Visit Author's Page »

Christina Ortmeier-Hooper

Christina Ortmeier-Hooper is a doctoral candidate in Composition Studies at the University of New Hampshire, where she teaches first-year composition, ESL, advanced composition, technical writing, and teacher education courses. Her research interests include second-language writing, teacher education, and immigrant literacy. She has also published in TESOL Journal and has presented her work at CCCC, NCTE, and TESOL. Her dissertation follows the experiences of five U.S. resident second-language writers in public high schools. The study explores students’ complex responses to their identities as second-language writers and the social influences that play a role in their approaches to academic writing.


Visit Author's Page »

Jeff Ousborne

Jeff Ousborne (PhD, Boston College) has taught literature and writing at St. John’s University, Boston University, and Suffolk University. He is the editor of Reading Pop Culture: A Portable Anthology (Bedford/St. Martin’s, 2015), the author of Critical Reading and Writing: A Bedford Spotlight Rhetoric (Bedford/St. Martin’s, 2014), and editor of Writing Music: A Bedford Spotlight Reader. The former music editor at Details magazine, his scholarly articles and other writing have appeared Studies in Popular Culture, Clues: A Journal of Detection, The Boston Phoenix, Talking Writing, Life, Men's Fitness, Entertainment Weekly, CMJ Music Monthly, Boston Magazine, and other publications.


Visit Author's Page »

Mike Palmquist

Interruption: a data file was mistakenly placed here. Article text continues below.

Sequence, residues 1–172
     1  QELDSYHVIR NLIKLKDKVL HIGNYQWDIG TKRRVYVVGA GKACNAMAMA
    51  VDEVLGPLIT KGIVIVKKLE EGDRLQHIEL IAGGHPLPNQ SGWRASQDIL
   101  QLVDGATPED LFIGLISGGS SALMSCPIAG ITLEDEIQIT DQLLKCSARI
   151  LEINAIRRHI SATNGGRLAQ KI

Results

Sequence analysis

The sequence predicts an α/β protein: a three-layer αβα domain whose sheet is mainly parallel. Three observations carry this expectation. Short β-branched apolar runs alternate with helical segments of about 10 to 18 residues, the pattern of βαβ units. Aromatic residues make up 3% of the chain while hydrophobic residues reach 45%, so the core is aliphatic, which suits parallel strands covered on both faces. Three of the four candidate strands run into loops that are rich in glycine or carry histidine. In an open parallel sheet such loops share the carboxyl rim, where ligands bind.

Mike Palmquist is an Associate Provost at Colorado State University, where he leads university-wide efforts to enhance learning and teaching in face-to-face, blended, and distance courses. A professor of English and University Distinguished Teaching Scholar, he is recognized nationally for his work in computer-supported writing instruction and, in particular, in designing Web-based instructional materials to support writing. His most recent Web-based projects are Writing@CSU (http://writing.colostate.edu), an open-access, educational Web site for writers and writing instructors, and the WAC Clearinghouse (http://wac.colostate.edu), the leading site for communication across the curriculum. He is the author of numerous articles and essays on writing and teaching with technology and writing across the curriculum. In 2004, he received the Charles Moran Award for Distinguished Contributions to the Field, which recognizes "exemplary scholarship and professional service to the field of computers and writing." In 2006, the CCCC Committee on Computers in Composition and Composition named him Outstanding Technology Innovator. From 2009 to 2011, he served on the Executive Committee of the National Council of Teachers of English and as chair of the NCTE’s College Section. He is the author of Joining the Conversation: Writing in College and Beyond (Bedford/St. Martin’s, 2010); The Bedford Researcher, Third Edition (Bedford/St. Martin’s, 2009); and Designing Writing: A Practical Guide (Bedford/St. Martin’s, 2005).